SOCIAL GOSPEL: the name given to the central idea of a widely influential movement within American PROTESTANTISM in the late nineteenth and early twentieth centuries. Its greatest spokesman was RAUSCHENBUSCH, a BAPTIST Minister, and later a theological professor. His premise was that personal EXISTENCE is basically SOCIAL and that a relevant CHRISTIANITY would "bring men under repentance for their collective SINS" and would proclaim a corresponding SOCIAL SALVATION. He appealed to the demand for Justice that was characteristic of the Hebrew PROPHETS and to the centrality of the KINGDOM OF GOD in the teachings of JESUS.


SOCIAL JUSTICE: a modern development of the idea of justice which gives individuals specific rights such as the right to education or health as opposed to older CONCEPTS of justice which simply guaranteed equality before the law.


SOCIALISM: a modern political system based on the idea of equality which advocates State intervention in the economy and SOCIETY to ensure SOCIAL JUSTICE. Socialism is opposed to CAPITALISM and ideas such as the free market economy which it sees as giving preference to the rich over the poor. MARXISM calls itself "Scientific Socialism" and is distinguished from other socialist theories in that socialism is seen as a step towards the ideal communist society and not as an end in itself.


SOCIALIST: someone who advocates SOCIALISM.


SOCIALIZATION: the process by which a child is incorporated into SOCIETY and becomes a member of a GROUP.


SOCIETY: the individuals who together form a SOCIAL GROUP.


SOCINIANISM: a RATIONALISTIC THEOLOGY which regards the BIBLE as REVELATION but argues that it contains nothing contrary to REASON and denies BELIEF in the SACRAMENTS of the CHURCH, the TRINITY, deity of CHRIST, ORIGINAL SIN, VICARIOUS ATONEMENT and RESURRECTION of the body.


SOCIOLOGIST: someone who studies SOCIETY using the methods of SOCIOLOGY.


SOCIOLOGY OF RELIGION: the applications of methods and theories derived from SOCIOLOGY to the study of RELIGION. Although today the sociology of religion is a minor field within sociology proper, the founding "Fathers" of sociology were all vitally concerned with religious questions.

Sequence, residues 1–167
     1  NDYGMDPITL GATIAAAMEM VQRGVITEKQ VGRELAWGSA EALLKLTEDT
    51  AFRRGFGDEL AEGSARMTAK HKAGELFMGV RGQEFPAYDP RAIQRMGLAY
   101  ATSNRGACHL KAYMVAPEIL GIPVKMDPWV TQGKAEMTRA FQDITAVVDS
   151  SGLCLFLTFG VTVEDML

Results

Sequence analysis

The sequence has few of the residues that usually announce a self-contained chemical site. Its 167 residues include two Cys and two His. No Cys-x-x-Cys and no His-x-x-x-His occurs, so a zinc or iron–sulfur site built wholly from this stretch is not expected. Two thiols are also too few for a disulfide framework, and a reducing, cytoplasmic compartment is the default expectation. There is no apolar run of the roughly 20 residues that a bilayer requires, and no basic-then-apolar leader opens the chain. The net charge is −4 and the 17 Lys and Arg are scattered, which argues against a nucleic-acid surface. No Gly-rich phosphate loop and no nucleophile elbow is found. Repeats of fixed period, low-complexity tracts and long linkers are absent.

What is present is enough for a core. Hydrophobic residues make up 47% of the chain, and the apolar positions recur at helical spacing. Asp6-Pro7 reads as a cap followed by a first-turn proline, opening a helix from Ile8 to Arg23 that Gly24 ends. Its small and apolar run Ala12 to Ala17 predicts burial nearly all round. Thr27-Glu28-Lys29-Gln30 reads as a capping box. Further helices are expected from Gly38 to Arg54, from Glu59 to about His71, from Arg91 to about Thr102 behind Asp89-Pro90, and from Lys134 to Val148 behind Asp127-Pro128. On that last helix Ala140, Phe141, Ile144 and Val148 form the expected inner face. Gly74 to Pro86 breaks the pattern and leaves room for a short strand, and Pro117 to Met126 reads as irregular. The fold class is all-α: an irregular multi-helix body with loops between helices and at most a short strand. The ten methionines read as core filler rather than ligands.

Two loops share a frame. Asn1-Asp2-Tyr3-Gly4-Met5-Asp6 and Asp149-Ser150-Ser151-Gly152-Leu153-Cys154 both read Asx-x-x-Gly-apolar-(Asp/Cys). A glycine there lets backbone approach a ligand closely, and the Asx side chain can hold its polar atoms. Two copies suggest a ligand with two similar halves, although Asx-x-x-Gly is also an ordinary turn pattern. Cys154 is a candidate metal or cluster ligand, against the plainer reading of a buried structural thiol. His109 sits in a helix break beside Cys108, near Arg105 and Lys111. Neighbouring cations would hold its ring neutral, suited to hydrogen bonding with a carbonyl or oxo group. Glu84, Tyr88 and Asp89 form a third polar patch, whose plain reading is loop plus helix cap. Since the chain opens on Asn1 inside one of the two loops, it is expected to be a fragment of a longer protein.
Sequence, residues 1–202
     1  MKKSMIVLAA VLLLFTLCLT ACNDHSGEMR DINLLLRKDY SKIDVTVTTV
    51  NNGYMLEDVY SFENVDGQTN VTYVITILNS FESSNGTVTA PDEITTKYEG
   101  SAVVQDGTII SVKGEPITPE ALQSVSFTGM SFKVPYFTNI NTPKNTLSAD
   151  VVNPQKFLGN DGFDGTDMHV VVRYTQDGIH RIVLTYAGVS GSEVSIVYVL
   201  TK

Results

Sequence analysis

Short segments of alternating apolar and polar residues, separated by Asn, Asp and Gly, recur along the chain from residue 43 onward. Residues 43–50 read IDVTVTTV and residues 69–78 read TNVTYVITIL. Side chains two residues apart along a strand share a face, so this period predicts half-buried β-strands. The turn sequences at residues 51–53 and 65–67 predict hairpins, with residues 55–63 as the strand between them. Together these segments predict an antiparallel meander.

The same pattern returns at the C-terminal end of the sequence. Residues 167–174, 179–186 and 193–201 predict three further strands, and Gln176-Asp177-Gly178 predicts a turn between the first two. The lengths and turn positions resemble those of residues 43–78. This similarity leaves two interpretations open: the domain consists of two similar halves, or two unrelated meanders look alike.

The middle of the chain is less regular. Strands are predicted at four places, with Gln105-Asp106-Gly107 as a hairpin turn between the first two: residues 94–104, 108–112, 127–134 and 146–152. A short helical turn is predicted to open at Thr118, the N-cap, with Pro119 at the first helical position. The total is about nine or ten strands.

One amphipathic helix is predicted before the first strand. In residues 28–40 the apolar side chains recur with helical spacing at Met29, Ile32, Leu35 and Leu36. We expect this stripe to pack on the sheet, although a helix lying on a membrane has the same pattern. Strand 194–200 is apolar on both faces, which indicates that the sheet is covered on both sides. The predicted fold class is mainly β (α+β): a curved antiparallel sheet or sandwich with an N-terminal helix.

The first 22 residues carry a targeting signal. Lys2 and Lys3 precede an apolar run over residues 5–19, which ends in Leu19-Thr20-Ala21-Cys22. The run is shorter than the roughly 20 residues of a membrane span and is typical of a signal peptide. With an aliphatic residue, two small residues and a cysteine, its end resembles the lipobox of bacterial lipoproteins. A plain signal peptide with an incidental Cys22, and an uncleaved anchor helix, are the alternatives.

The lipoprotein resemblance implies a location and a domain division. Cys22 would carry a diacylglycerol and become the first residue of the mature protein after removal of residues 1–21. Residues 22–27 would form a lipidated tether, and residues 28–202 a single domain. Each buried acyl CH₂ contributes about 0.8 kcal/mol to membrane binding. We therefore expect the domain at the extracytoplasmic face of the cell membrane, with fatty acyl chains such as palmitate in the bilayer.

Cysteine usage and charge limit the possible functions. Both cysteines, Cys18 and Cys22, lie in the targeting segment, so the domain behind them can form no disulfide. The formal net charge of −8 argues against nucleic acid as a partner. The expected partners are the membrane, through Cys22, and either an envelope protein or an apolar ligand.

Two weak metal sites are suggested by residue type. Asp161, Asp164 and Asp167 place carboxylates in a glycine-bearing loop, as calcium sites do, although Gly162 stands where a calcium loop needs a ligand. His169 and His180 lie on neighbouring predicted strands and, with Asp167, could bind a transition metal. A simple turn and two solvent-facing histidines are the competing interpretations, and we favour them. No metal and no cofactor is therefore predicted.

SOCIOLOGY: the modern study of SOCIETY in a systematic and scientific manner. The term was first used by COMTE in 1830 but as an academic discipline it was first developed by SPENCER in the late nineteenth century. It involves the application of statistical and other techniques to understand the way people act and think as members of SOCIAL GROUPS. Other figures regarded as the founders of sociology are TOCQUEVILLE, MARX, Durkheim and WEBER.


SOCRATES (470-400 B.C.): Greek philosopher and teacher to PLATO who criticized the vice and folly of government and the weakness of popular THEOLOGY. Convicted of corrupting youth and being unfaithful to the GODS and the State, he was condemned to either go into exile or drink Hemlock (poison): he chose Hemlock. Plato idealizes him as a teacher of DIALECTIC and ARISTOTLE credits him with being the first philosopher to seek UNIVERSAL principles and precise definition. His method of inquiry involving question and counter-question is known as the SOCRATIC METHOD.


SOCRATIC METHOD: the DIALECTICAL method supposedly used by SOCRATES. It involves patient questioning by a teacher to lead the pupil to recognize the TRUTH.


SODOM AND GOMORRAH: Cities mentioned in Genesis 18 and 19 which were destroyed by GOD because of their SIN which involved sexual perversion and inhospitability.